Witthauer v. Burkhart Roentgen, Inc., 900219

CourtUnited States State Supreme Court of North Dakota
Citation467 N.W.2d 439
Decision Date19 March 1991
Docket NumberNo. 900219,900219
PartiesProd.Liab.Rep.(CCH)P 12,778 Paul and Lynnette WITTHAUER, individually, and as next friends of Lindsey Witthauer, a minor, Plaintiffs and Appellees, v. BURKHART ROENTGEN, INC., Defendant and Appellant. and FARGO CLINIC, LTD., a.k.a., MeritCare, Defendant, Third Party Plaintiff and Appellee, v. BURKHART ROENTGEN, INC., Third Party Defendant, Fourth Party Plaintiff and Appellant, v. DR. MACH GmbH & CO., Fourth Party Defendant. Civ.

Robert Vogel Law Office, P.C., Grand Forks, for plaintiffs and appellees; argued by Alvin O. Boucher.

Bruce L. Madlom, Fargo, and Moench Law Firm, Bismarck, for defendant, third-party defendant, fourth-party plaintiff and appellant Burkhart Roentgen, Inc.; argued by Bruce L. Madlom, Fargo. Appearance by Dale W. Moench, Bismarck.

Vogel, Brantner, Kelly, Knutson, Weir & Bye, Ltd., Fargo, for defendant, third-party plaintiff and appellee Fargo Clinic, Ltd.; argued by Jane C. Voglewede.


Burkhart Roentgen, Inc. [Burkhart], appealed from a judgment entered on a jury verdict finding Burkhart 40 percent liable for $163,291.98 in damages awarded to Paul, Lynnette, and Lindsey Witthauer. Burkhart also appealed the denial of its post-trial motions. We affirm.

In March 1986, Lindsey Witthauer, the three and one-half month-old daughter of Paul and Lynnette Witthauer, was hospitalized at St. Luke's Hospital in Fargo for congestive heart failure and respiratory infection. Dr. Gerald Atwood, a pediatric cardiologist at Fargo Clinic, recommended that Lindsey undergo a cardiac catheterization procedure in which a small wire is inserted into a vein in the groin area and passed into the heart to search for defects.

Dr. Atwood performed the catheterization on the morning of April 4, 1986. The doctor was unable to insert the catheter through the skin, so he performed a "cutdown," a surgical procedure where an incision was made in the groin down to the vein to allow correct placement of the catheter. The "cutdown" procedure required use of a surgical lamp.

The lamp used for the procedure was a Mach-Soloflex, which was manufactured by Dr. Mach GmbH & Co., a German company, and distributed in this country by Burkhart. The Mach-Soloflex is a high-intensity surgical lamp which focuses light to illuminate a small area. The lamp was purchased by Fargo Clinic in 1984 and was permanently installed as part of the technical equipment owned and maintained by Fargo Clinic in the hospital room.

Before Dr. Atwood used the lamp, he was informed by a technician that the lamp had been broken during an emergency procedure the previous evening. The lamp was damaged when it was bumped by another piece of catheterization equipment which was being moved by a Fargo Clinic employee. The bump caused the lower housing of the lamp to fall to the floor. Unknown to the doctor, the lower housing contained a blue-tinted glass which served as a heat-protection filter.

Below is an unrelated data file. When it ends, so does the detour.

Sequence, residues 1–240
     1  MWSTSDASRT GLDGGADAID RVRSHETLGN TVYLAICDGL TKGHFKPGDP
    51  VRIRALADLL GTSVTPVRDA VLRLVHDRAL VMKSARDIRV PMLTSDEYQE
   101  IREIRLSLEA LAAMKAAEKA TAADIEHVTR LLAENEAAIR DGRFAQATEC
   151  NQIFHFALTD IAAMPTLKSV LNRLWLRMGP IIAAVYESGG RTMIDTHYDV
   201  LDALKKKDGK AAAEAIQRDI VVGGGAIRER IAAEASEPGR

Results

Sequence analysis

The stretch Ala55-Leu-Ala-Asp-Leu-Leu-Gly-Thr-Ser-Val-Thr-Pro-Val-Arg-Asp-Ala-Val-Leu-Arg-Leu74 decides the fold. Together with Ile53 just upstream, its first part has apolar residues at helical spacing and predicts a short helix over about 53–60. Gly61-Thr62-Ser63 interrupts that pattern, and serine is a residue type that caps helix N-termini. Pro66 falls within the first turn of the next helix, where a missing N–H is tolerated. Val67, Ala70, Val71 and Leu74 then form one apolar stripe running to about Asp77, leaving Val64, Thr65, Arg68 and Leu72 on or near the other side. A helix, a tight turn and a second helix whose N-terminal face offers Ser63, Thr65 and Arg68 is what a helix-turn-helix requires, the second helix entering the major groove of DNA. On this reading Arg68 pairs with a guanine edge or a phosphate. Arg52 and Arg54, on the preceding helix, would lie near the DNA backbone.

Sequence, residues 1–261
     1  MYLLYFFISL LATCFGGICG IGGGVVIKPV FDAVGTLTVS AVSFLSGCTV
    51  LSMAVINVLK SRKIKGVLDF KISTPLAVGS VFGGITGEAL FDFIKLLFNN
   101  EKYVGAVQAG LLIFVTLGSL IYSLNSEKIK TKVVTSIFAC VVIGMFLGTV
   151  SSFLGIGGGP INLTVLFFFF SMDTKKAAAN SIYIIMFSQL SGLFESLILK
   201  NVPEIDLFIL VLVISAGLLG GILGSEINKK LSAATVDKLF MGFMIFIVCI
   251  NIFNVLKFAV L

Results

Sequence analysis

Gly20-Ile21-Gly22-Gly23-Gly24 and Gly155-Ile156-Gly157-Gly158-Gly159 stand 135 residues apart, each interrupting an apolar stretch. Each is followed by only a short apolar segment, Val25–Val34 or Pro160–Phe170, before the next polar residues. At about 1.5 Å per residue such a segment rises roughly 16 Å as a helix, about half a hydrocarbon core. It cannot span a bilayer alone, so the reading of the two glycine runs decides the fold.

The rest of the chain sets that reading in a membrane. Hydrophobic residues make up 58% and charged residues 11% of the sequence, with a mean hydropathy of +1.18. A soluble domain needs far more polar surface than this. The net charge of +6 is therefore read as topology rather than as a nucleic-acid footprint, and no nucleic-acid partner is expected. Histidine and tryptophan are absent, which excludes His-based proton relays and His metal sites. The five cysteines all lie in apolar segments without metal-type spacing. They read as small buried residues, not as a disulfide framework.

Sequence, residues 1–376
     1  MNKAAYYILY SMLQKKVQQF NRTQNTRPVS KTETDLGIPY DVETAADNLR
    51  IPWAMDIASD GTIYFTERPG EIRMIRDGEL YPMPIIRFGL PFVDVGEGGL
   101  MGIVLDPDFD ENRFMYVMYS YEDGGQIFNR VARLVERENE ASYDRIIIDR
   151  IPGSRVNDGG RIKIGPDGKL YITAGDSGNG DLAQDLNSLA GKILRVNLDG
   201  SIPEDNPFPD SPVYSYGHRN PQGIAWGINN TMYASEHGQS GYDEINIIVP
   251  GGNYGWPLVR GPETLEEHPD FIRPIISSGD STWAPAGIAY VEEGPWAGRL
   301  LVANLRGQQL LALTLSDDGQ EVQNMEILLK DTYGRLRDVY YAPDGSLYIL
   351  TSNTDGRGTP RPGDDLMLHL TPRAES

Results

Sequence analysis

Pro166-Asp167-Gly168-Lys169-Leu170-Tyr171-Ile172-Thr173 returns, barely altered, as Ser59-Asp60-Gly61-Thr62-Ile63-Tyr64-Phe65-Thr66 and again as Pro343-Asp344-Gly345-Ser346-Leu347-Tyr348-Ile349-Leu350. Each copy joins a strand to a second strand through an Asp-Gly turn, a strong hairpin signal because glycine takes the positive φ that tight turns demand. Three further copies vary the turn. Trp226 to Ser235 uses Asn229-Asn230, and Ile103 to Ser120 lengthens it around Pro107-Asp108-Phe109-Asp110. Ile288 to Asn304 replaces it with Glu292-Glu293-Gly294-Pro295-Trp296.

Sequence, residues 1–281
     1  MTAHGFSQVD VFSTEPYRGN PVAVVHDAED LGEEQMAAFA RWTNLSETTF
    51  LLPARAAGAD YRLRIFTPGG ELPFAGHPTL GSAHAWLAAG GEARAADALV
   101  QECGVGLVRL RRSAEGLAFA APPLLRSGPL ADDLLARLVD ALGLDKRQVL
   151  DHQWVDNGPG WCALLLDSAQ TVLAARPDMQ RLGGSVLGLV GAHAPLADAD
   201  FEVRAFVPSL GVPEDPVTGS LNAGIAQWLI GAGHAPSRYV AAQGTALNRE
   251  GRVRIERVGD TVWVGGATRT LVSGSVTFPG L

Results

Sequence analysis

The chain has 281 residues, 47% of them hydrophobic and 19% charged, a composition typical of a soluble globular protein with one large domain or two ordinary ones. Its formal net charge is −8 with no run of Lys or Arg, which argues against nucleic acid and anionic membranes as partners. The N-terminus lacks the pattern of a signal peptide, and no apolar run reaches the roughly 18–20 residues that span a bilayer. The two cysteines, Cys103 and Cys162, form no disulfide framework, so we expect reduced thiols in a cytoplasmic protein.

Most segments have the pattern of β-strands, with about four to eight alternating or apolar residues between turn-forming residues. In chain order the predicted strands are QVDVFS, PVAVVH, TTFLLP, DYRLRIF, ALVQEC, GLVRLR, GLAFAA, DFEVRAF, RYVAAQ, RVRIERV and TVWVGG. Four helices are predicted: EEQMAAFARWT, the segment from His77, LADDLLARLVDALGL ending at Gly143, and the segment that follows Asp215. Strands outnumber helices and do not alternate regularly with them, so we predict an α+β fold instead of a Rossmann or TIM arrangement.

Dr. Atwood decided to use the lamp after a technician turned it on and illumination occurred. The lamp was placed three feet above Lindsey and was used for approximately 15 minutes. After the catheterization procedure was completed, Dr. Atwood noticed redness and blistering in Lindsey's groin area and inner thigh where the lamp had been shining. Lindsey had received second and third degree burns to those areas. She subsequently underwent plastic surgery and now has three permanent scars caused by the burns.

Tests later conducted on the lamp revealed that, with the heat-protection filter in place, the temperature at the focus of the lamp reached 83.4 degrees Fahrenheit after seven minutes and stabilized at that temperature even though the lamp was on for a greater period of time. Without the heat filter in place, the temperature at the focus of the lamp reached 169 degrees Fahrenheit after one minute, 217 degrees Fahrenheit after seven minutes, 224 degrees Fahrenheit after 10 minutes, and stabilized at 222 degrees Fahrenheit after 15 minutes. The lamp contained no warning label when Fargo Clinic purchased it. After Lindsey was burned, Fargo Clinic placed a warning label on the lamp which said "Do Not Operate This Light Without Filter." Fargo Clinic staff also discovered that the lower part of the housing was secured to the upper housing of the lamp with only a pin and thumb screw and added a reinforcing nut to the housing to make the lamp more secure.

The Witthauers sued Fargo Clinic on August 21, 1987, alleging that its negligence caused Lindsey's burns. On December 1, 1987, Fargo Clinic brought a third-party action against Burkhart on grounds of negligence, strict liability, and breach of warranty, alleging that the lamp was defective and unreasonably dangerous and that Burkhart negligently failed to provide adequate warnings of any particular dangers in the use of the lamp. Fargo Clinic asserted that the Witthauers's injuries were caused by Burkhart's "negligence, negligent failure to warn, negligent failure to instruct, breach of warranty whether express or implied, and strict liability." On May 15, 1989, Burkhart brought a fourth-party action against Dr. Mach GmbH & Co., the manufacturer of the lamp, seeking contribution and indemnity.